Very Non-Standard Calling in R

Our group has done a lot of work with non-standard calling conventions in R.

Our tools work hard to eliminate non-standard calling (as is the purpose of wrapr::let()), or at least make it cleaner and more controllable (as is done in the wrapr dot pipe). And even so, we still get surprised by some of the side-effects and mal-consequences of the over-use of non-standard calling conventions in R.

Please read on for a recent example.

Consider the following calls to stats::lm(). And notice the third example fails (throws an error).

# works
lm("y ~ x", 
   data = data.frame(
     x=1:5, 
     y = c(1, 1, 2, 2, 2)), 
   weights = numeric(5)+1)
#> 
#> Call:
#> lm(formula = "y ~ x", data = data.frame(x = 1:5, y = c(1, 1, 
#>     2, 2, 2)), weights = numeric(5) + 1)
#> 
#> Coefficients:
#> (Intercept)            x  
#>         0.7          0.3


# works
f1 <- function(w = NULL) {
  lm(as.formula("y ~ x"), 
     data = data.frame(
       x=1:5, 
       y = c(1, 1, 2, 2, 2)), 
     weights = w)
}
f1(numeric(5)+1)
#> 
#> Call:
#> lm(formula = as.formula("y ~ x"), data = data.frame(x = 1:5, 
#>     y = c(1, 1, 2, 2, 2)), weights = w)
#> 
#> Coefficients:
#> (Intercept)            x  
#>         0.7          0.3


# fails
f2 <- function(w = NULL) {
  lm("y ~ x", 
     data = data.frame(
       x=1:5, 
       y = c(1, 1, 2, 2, 2)), 
     weights = w)
}
f2(numeric(5)+1)
#> Error in eval(extras, data, env): object 'w' not found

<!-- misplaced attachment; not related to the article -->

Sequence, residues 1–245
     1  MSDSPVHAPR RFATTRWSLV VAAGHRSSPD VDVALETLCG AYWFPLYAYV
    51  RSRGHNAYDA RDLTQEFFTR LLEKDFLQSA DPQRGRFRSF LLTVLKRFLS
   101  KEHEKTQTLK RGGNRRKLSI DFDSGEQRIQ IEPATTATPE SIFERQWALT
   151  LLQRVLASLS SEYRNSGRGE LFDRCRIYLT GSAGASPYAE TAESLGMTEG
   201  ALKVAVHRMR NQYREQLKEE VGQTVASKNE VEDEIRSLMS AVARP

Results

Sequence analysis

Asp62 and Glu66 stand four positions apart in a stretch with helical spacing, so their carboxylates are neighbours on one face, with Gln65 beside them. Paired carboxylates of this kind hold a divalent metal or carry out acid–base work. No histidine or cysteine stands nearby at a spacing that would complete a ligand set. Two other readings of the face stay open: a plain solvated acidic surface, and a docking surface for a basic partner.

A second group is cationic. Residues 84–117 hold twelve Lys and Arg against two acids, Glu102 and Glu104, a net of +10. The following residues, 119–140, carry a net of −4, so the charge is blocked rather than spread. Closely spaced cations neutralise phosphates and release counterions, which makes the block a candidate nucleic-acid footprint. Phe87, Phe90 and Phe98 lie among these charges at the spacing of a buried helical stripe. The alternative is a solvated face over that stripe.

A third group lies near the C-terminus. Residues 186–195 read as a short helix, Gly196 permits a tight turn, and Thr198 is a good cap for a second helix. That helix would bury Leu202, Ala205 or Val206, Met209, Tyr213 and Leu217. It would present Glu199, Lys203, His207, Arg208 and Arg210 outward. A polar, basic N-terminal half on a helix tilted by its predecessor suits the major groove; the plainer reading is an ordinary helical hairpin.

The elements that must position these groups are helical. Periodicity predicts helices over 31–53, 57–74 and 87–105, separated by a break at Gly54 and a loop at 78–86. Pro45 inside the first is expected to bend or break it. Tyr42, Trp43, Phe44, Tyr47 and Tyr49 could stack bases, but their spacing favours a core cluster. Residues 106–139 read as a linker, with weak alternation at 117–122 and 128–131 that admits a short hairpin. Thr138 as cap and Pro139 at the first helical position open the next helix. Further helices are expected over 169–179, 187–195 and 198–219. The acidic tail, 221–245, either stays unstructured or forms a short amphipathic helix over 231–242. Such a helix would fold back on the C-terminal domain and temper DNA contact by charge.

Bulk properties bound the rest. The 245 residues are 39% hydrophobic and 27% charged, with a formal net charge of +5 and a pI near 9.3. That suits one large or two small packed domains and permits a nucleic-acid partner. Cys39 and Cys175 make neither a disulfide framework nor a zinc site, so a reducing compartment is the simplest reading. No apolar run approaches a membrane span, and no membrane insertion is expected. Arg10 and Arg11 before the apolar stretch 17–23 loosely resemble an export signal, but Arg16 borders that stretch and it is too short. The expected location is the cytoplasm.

According the stats::lm() documentation (help(lm)) the first argument must be:

an object of class “formula” (or one that can be coerced to that class): a symbolic description of the model to be fitted. The details of model specification are given under ‘Details’.

A string appears to be coerce-able into a formula, so all three examples should work. However, typing “print(lm)” reveals the issue: stats::lm() doesn’t take the “weights” argument in a standard way (as the value of a function parameter). It instead grabs it through a sequence of match.call() and eval() steps. It is a complicated way to get the value, which works until it does not work. Somehow passing in the formula as a string interferes with how the value of weights is found. I think we can now see the benefits of isolation and independence of concerns in code.

This over-use of direct environment copying and manipulation is what leads to a great many data-leaks in stats::lm() and stats::glm(). This is in addition to their weird habit of keeping a copy of all of the training data (which loses quite a few of the merits of these methods). Our group dealt with these issues a long time ago, so we are somewhat familiar with stats::lm() and stats::glm().

Of course, one could (as the stats::lm() documentation mentions) call stats::lm.fit(). However, stats::lm.fit() does not seem to accept weights and its own documentation (help(lm.fit)) starts ominously:

These are the basic computing engines called by lm used to fit linear models. These should usually not be used directly unless by experienced users.

Having just finished teaching a four day intensive course covering data science in Python, I can’t help but remark that users of sklearn.linear_model.LinearRegression() don’t need to worry about issues such as the above. Some of the notational flair of R comes at the cost of significant opportunities for user confusion.

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